Angella- I have read Dinner At The Homesick Restaurant twice and loved it both times. So there you go.

    DTG- Maybe I don't like fantasy.
    But I love you.

    Betsy- Thank you for commenting and hello! I think I'm a robot too. I do not remember the dog rug but it sounds right.

    Lora- Well, there you go. Some of us love him, some of us don't. Some of us love him sometimes. And so it goes.

  13. Angella, I loved Dinner at the Homesick Restaurant and thanks for reminding us ~ read it years ago and now I want to read it again! I often remember that I loved a book but don't remember the details.

  14. I don't think your take on John Irving is all that unusual, as you can probably see from all your comments. Most people love his early books like Garp and Hotel New Hampshire and Cider House Rules. (Me included.) But he's been on the decline since then. I didn't read anything after Cider. I was intrigued by this latest one, since he's apparently revealing his bisexuality or something like that, but if you and everyone else think it's so boring I'll back off!

    Angella, I loved Dinner at the Homesick Restaurant. The best Anne Tyler novel is "The Clock Winder," I think, but I've read virtually everything she's written. My only complaint about her is that she's a bit one note -- her books, although good, all seem to blend together after a while. I guess there's only so much you can say about melancholy people in Baltimore!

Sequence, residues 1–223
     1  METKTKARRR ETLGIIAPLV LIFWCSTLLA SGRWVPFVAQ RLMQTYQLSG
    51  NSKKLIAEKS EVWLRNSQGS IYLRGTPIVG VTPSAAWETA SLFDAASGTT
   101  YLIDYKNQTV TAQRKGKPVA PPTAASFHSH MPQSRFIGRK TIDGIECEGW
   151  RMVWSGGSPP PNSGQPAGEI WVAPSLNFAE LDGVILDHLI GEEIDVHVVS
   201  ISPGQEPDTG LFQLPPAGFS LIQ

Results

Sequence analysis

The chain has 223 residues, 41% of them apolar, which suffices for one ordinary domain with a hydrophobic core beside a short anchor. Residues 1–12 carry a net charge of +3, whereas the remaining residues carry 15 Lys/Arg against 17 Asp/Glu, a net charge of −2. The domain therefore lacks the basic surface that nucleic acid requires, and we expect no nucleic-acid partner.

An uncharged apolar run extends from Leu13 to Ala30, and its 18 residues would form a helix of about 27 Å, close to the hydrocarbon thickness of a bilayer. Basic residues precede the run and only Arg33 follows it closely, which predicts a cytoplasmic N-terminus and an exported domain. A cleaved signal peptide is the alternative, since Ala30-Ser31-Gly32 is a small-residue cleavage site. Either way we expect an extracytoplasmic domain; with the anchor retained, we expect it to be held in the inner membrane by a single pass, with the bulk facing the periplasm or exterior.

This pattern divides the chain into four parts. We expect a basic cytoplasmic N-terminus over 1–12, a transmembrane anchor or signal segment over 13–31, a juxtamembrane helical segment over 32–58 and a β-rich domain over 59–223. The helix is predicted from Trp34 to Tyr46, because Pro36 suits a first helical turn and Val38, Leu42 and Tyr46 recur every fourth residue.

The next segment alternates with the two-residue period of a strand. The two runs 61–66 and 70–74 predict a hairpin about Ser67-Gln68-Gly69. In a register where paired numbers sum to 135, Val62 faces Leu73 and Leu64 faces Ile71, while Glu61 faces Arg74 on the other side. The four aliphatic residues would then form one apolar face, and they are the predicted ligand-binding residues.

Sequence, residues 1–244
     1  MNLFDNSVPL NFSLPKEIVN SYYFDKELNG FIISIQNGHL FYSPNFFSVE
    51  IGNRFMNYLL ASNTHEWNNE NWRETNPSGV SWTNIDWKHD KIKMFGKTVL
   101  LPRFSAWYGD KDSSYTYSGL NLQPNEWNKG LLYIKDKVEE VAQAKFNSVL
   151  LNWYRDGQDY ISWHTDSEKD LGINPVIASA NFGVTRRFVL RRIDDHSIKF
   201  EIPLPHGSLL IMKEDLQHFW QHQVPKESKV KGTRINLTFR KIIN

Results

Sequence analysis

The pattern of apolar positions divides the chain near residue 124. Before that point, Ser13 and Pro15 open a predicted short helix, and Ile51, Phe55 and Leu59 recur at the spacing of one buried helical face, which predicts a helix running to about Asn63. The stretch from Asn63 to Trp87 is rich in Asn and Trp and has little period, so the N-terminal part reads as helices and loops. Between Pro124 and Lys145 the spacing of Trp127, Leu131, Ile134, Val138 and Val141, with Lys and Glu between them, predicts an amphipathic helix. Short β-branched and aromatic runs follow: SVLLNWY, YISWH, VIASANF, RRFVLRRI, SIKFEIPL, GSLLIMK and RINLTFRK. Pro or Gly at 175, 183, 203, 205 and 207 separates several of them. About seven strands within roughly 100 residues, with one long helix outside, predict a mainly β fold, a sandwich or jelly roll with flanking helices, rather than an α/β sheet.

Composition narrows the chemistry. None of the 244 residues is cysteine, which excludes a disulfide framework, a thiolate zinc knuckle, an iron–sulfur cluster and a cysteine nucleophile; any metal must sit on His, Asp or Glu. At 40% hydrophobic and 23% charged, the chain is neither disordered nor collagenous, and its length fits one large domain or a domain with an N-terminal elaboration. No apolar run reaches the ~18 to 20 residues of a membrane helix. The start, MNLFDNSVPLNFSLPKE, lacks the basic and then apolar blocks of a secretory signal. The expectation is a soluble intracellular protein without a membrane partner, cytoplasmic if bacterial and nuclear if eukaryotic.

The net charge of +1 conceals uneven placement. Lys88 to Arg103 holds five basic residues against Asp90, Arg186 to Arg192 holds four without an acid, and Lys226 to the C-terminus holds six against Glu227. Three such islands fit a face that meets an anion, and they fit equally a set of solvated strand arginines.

15. I loved the grandmother in Owen Meany. In fact, I think I AM the grandmother in Owen Meany.

    Irving is one of the Moms and I's favorite authors of all time. Sometimes, certain authors that everybody thinks are great, I don't get AT ALL. They just don't communicate in a way that is easy for me to understand. We just don't speak the same damn language. Maybe that's the case with you and John Irving. Not sure.